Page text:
Fairs and biennials got cancelled, exhibitions got panned, an air-conditioning system failed—here are some of the decade’s biggest flops, presented in chronological order.

VIP Art Fair
An art fair online! Its organizers were saying adorable things like “Viewing in Pajamas”! It was an exciting moment, but as soon as the 100-plus virtual gallery booths opened in January 2011, things began going wrong. Just hours into the event, a warning appeared on the website: “Due to the overwhelming number of visitors from around the world who have logged on to VIP Art Fair since its launch at 8am EST this morning, the Fair is currently experiencing slower than normal response rates.” A lesson for the ages: popularity is only as good as what your servers can handle. VIP had to disable the “chat with the gallery” function, which meant that interested buyers had to email or … make a phone call. A phone call?!?!!? How 20th-century! Writing about the second edition, in 2012, Forbes called the inaugural fair “a thorough disaster from the kickoff”; of the second, megagallerist David Zwirner told their reporter, “The fair was unfortunately a waste of time for us this year. We didn’t have any significant traffic in the booth, nor did we meet new collectors. I’m uncertain this format will work moving forward.” It didn’t.

Zombie Formalism
Early in the decade, abstract paintings by young artists were filling enterprising galleries, many of them slapdash, direct, and eerily familiar—and selling at a clip. The painter and critic Walter Robinson coined the style (if it could be called that) Zombie Formalism in a 2014 essay, declaring that it “brings back to life the discarded aesthetics of Clement Greenberg.” (Jerry Saltz went with “crapstraction.”) Like most zombie apocalypses, this one ended with total annihilation. Artists whose work was trading for six figures like Lucien Smith (famed for spraying paint onto canvas with a fire extinguisher) saw their markets dry up as collectors moved on to the next craze. By the latter half of the decade, figuration—much of it cartoon-inflected, punchy, and eye-grabbing—was ascendent. Many of us now wonder how long that will last.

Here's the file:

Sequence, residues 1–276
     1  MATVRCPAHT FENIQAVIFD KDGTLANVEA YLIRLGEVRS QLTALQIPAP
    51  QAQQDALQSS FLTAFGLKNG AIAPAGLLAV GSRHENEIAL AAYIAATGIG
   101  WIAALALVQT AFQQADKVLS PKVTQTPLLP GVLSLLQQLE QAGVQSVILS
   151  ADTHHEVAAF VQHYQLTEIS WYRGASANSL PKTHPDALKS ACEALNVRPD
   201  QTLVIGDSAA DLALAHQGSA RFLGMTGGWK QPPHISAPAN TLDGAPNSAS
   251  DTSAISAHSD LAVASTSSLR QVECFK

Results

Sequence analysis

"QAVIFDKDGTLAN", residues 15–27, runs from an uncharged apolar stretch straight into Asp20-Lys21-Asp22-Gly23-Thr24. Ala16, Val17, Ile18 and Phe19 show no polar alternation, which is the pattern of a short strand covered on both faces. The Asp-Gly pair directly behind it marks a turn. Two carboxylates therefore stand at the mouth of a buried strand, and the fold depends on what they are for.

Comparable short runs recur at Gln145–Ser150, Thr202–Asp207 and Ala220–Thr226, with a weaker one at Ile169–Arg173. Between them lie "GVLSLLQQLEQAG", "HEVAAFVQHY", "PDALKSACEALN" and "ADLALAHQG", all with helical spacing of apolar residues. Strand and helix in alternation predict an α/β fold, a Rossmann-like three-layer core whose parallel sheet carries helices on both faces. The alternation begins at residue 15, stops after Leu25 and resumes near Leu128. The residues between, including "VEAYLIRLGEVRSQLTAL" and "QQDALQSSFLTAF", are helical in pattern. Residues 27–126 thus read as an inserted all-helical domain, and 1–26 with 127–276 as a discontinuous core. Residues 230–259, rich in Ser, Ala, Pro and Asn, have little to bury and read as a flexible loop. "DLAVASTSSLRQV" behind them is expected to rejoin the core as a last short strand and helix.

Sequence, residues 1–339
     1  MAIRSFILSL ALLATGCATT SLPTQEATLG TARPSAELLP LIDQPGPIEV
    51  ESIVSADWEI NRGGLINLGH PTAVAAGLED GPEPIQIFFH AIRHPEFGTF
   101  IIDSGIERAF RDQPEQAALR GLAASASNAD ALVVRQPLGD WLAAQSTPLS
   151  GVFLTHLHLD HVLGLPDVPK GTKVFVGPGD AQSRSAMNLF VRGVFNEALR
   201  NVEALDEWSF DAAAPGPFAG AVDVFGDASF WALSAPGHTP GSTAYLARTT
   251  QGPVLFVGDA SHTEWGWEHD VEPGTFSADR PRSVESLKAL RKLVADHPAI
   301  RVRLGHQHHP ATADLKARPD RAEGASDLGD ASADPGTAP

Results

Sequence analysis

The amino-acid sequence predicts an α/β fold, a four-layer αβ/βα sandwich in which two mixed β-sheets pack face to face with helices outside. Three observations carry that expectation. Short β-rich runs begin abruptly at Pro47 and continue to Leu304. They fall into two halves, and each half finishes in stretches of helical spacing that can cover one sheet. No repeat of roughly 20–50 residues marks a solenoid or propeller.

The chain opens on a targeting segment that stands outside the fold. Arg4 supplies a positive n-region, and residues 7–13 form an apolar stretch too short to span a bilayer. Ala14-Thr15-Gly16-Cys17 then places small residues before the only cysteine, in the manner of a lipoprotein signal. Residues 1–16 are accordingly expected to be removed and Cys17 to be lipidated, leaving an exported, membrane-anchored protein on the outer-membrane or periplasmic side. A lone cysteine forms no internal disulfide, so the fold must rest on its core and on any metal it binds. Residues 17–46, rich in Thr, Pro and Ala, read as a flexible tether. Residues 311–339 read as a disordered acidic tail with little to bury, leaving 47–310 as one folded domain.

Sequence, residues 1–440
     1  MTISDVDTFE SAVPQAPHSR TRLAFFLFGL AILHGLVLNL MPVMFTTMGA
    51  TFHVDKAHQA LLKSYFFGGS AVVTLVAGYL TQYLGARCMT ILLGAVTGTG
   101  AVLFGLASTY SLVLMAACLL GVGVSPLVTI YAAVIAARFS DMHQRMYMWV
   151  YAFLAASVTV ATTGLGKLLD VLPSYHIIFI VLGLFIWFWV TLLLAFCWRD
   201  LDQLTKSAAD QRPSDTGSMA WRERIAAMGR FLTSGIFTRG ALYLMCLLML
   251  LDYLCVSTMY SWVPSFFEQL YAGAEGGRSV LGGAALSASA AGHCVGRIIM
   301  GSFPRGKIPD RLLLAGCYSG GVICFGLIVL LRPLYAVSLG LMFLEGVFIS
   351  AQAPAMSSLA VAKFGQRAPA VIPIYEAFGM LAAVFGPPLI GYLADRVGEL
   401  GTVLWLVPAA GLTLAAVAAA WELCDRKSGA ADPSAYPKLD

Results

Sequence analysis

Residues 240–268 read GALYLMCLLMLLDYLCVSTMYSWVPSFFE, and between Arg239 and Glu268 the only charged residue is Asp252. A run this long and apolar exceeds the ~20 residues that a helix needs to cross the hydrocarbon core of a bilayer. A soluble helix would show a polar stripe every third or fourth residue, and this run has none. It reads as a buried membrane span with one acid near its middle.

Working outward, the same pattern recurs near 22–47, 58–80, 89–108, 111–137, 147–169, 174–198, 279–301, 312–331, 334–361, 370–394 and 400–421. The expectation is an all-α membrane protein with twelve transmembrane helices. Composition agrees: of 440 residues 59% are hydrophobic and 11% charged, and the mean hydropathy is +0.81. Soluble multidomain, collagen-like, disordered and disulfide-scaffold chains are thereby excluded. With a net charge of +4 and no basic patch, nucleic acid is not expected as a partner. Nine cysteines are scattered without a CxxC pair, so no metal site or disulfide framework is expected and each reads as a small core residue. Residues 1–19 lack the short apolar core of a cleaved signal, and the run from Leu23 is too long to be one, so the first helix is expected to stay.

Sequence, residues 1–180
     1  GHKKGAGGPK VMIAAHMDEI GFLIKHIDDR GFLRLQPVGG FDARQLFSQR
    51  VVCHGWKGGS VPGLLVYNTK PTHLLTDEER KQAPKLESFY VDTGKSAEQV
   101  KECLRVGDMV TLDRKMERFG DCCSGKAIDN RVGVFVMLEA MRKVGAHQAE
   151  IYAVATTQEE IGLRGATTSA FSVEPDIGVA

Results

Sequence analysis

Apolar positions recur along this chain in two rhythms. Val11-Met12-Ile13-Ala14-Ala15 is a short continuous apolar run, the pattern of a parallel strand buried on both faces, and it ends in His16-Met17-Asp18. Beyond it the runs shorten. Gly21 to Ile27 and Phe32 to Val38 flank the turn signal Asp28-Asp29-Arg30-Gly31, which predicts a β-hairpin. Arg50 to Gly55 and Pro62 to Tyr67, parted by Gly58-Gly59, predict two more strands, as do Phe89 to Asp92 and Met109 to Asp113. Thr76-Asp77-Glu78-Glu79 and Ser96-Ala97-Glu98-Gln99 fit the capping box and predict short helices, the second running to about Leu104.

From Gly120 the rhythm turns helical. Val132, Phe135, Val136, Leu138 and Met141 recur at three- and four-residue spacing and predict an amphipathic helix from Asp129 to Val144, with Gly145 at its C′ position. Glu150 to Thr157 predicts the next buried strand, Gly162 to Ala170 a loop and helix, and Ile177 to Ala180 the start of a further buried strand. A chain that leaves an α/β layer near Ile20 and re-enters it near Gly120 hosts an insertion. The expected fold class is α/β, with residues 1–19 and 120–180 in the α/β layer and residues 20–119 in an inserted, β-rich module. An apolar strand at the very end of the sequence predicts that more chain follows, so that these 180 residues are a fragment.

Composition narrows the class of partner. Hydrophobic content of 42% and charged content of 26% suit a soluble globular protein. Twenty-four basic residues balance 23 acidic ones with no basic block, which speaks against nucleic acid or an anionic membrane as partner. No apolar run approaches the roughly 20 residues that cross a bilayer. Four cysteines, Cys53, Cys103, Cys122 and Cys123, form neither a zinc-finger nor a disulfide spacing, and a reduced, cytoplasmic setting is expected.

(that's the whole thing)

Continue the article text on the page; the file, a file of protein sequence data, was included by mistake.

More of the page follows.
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Former L.A. MOCA director Jeffrey Deitch, left, with LACMA director Michael Govan.
Ryan Miller/Invision/AP/Shutterstock

Jeffrey Deitch at MOCA Los Angeles
In spring 2010, it seemed a highly unorthodox choice that just might be a match made in heaven: one of the great art dealers and advisers of the postwar era closing down his New York gallery to help pilot one of the world’s greatest contemporary art museums. Instead, the pairing fizzled, with Deitch departing the Museum of Contemporary Art in Los Angeles just three years into his five-year contract. For some critics—and members of the museum’s board—his programming was too commercial or too invested in pop culture: a James Franco production, a streetart show, a proposed disco exhibition that never saw the light of day. But it was lackluster cashflow that eventually spelled his end. Just five years after his departure, though, Deitch would mount a comeback in the city with characteristic élan, opening a giant Hollywood gallery with an Ai Weiwei show that generated huge crowds and securing his place in L.A. art history.

Even Mega-Galleries Make Mistakes
Those who say art criticism doesn’t matter anymore have not been on the receiving end of a scathing review from New York Times co-chief art critic Roberta Smith, whose critical acumen and incisiveness are beyond compare. Which is to say: it really hurts. (Note: it doesn’t always hurt an artist’s market…) This past decade, Smith did not disappoint, and she managed to take down a show at three of the world’s four biggest mega-galleries. To those who would argue against writing negative criticism, Smith and her husband, New York magazine’s Jerry Saltz, have a rebuttal, which they gave in an interview with Interview magazine in 2013: “SMITH: I can’t imagine not writing negative reviews. That doesn’t help anybody. Part of what you’re doing is educating your reader about their own critical faculties. SALTZ: Being critical of art is a way of showing art respect.”

Mega-gallery-wise, the decade opened with Dan Colen’s first solo show at Gagosian’s huge space on 24th Street. Smith found that the sculptures in the show ultimately read as “monumental obscene gestures of the adolescent kind, numbing, boring feats of nose-thumbing.” The good news: She praised Colen as a painter, concluding that “you may even begin to wonder about the kind of painter Mr. Colen might become if he ever decides to grow up.”